"Al Qaida is trying to establish awareness in the Gaza Strip," Naveh said. "The next stage is for terrorism. I don't think Zarqawi will bring terrorists to Gaza. He doesn't have to. What he can do is exploit Hamas and take it [attacks] to another level."
IMHO, we are seeing the greatest threat to Israel forming right before our eyes. The key to so many things---disasters as well as solutions---is Iran and how to deal with the M²s.
Posted by: Alaska Paul || 03/04/2006 00:00 || Comments || Link || E-Mail|| [313 views] Top|| File under:

#1  I've got a feeling Saudi Arabia will collapse before Jordan does, and when that happens the Hashemites will regain their traditional role as guardians of Mecca and Medina, and the Sauds will regain their traditional rols as guardians of a patch of empty desert in the middle of the peninsula.
Posted by: Rory B. Bellows || 03/04/2006 2:24 Comments || Top||

#2  Its a miracle that Saudis and Jordan goverments have survived as long as they have.
Posted by: Bernardz || 03/04/2006 2:55 Comments || Top||

#3  Jordan's problem is more democracy means more Paleo control. I don't think the Jordan 'regime' will colapse like the Syrian and possibly Egyptian regimes will, but it will become a Palestinian state by inches. Although, not necessarily a bad thing for Israel. Since the paleo population of the WB will bleed away into Jordan leaving the WB less populated and easier for the Israelis to acquire by inches.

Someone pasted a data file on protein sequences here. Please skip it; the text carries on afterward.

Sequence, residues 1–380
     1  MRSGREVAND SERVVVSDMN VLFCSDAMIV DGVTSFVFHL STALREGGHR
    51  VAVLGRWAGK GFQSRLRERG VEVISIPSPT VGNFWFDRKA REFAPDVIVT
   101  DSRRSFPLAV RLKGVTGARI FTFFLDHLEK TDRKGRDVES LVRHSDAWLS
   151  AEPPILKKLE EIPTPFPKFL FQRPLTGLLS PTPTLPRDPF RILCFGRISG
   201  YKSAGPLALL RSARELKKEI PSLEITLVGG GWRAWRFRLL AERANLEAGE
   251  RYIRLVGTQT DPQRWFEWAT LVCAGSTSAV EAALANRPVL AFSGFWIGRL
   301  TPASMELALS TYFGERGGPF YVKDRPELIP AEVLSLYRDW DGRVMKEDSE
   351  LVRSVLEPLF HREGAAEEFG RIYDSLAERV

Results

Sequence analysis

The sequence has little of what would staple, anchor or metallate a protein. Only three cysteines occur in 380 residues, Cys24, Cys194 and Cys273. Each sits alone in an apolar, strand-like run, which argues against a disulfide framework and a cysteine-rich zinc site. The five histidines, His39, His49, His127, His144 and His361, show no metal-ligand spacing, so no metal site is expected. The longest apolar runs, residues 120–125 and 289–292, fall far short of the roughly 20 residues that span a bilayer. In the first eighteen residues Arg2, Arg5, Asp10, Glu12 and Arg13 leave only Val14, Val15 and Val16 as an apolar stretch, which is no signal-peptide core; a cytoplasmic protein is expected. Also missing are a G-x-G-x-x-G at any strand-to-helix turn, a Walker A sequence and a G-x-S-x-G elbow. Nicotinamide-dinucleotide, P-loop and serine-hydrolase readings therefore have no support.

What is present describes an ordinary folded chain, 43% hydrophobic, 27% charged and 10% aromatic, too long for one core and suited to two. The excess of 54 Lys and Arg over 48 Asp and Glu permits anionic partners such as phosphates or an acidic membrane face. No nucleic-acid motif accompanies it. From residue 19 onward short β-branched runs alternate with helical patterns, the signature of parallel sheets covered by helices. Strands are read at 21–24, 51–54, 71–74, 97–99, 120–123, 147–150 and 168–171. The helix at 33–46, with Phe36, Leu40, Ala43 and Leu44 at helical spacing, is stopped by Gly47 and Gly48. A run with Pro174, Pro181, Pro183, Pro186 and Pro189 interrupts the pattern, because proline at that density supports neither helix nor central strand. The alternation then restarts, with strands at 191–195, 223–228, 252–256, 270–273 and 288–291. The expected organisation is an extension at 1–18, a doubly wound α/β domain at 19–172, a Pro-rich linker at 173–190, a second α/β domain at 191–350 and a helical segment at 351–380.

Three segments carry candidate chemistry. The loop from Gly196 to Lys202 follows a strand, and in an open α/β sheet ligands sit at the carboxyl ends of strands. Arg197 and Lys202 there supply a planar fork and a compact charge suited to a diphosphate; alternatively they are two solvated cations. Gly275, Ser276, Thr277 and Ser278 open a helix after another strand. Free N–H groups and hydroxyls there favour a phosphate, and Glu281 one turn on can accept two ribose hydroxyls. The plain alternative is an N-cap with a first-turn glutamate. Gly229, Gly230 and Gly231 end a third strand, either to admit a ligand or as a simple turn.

Posted by: phil_b || 03/04/2006 5:36 Comments || Top||

#4  With all respect to General Naveh, his assessment in my view, is very long term. King Ab is a young man with very close ties to the US. He's not about to just roll over and play dead anytime soon. Ab has close paleo ties in the bedroom, and a pretty good security service.
Posted by: Visitor || 03/04/2006 7:48 Comments || Top||

#5  I think the islamists - all types - are amassing on the borders of Israel and on all sides. The 53,000 suicide boomers just signed that Iran boasts about. Women and children preferred as well. What would happen if hundreds of thousands of splodydopes (women and children included) swarmed Israel from all sides, all at once.

A pathetic and barbaric tidal wave of psychotic human bombs? Dropping from above, swarming through checkpoints. The carnage and horror would be unimaginable. Right up their alley though. They'd send millions to erase Israel - its the goal that counts.
Posted by: Hupomoger Clans9827 || 03/04/2006 11:34 Comments || Top||